So with that background you can understand why we started to investigate electronic charts. There are a few ways to go when it comes to electronics. One option is a dedicated GPS and plotter combination, much like the GPS units that come factory installed in cars and trucks. A second option is a handheld device like an iPhone, an Android phone, or a mobile GPS unit. These devices come with a GPS function built-in that can be used to plot your trip. When used in an automobile they connect with cellular towers to access maps that not only tell you where you are and display the roads, but also tell you how to get there. This is also an option when boating, but its really not practical, the screen is too small for boating at any type of speed, although it might be practical if canoeing, kayaking or sailing. And the ‘free’ mapping options don’t provide marine charts with water depths and navigation markers.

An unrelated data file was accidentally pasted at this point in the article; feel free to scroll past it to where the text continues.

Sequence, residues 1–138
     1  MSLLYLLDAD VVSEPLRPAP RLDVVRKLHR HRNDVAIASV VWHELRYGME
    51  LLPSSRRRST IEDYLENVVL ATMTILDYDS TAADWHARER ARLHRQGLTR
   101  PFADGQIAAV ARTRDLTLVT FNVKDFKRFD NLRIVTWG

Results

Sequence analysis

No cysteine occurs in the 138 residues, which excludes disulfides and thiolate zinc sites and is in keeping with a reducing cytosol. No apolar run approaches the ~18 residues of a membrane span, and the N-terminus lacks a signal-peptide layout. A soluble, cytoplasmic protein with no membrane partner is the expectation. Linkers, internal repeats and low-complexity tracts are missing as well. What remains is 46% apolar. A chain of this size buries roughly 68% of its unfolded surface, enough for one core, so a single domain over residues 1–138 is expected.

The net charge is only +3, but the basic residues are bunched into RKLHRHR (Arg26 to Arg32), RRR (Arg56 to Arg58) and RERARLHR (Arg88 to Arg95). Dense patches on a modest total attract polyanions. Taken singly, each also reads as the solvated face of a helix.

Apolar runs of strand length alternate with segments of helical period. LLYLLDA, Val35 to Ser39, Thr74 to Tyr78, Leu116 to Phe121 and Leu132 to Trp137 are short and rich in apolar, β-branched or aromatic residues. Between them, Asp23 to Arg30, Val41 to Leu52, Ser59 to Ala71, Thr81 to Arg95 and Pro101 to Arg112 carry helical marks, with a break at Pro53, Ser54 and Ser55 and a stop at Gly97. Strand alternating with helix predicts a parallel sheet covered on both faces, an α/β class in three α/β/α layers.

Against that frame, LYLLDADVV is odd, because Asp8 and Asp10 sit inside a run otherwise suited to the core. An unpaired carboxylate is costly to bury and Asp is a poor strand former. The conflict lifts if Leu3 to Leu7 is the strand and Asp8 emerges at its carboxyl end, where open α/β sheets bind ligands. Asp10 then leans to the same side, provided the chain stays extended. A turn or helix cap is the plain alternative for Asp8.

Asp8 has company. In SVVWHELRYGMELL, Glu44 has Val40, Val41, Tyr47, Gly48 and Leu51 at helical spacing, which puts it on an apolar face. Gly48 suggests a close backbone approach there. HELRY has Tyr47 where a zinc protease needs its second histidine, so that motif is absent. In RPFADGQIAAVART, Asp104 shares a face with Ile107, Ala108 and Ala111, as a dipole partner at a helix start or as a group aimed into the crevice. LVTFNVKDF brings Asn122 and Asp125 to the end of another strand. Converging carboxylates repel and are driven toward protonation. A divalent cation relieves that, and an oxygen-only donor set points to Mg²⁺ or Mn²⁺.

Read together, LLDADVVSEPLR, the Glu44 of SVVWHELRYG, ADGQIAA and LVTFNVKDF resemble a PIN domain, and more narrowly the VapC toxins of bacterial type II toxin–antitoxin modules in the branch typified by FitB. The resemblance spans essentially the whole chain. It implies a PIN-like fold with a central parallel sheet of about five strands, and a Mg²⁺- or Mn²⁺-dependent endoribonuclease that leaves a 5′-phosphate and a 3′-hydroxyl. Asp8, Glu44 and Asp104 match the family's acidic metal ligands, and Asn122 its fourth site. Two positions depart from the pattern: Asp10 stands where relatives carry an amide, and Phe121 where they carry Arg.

The third choice, and the one we will discuss in these articles, is using charting software on an Apple iPad. While the charting applications (Apps) we will review can be used on all iPads it’s only the GPS equipped iPads (not the less expensive WiFi-only models) that permit real-time location capabilities. These iPads typically cost about $100 more than the comparable WiFi-only models.

In our case we have a 3rd-Generation 32 GB iPad that is used for navigation, as well as credit card processing and the usual business email type activities, it also provides us with a real-time shore connection (texting and social media). It’s a very portable multifunction device that provides us with remarkable flexibility. The larger screen makes it much easier to see both details and the ‘big picture’.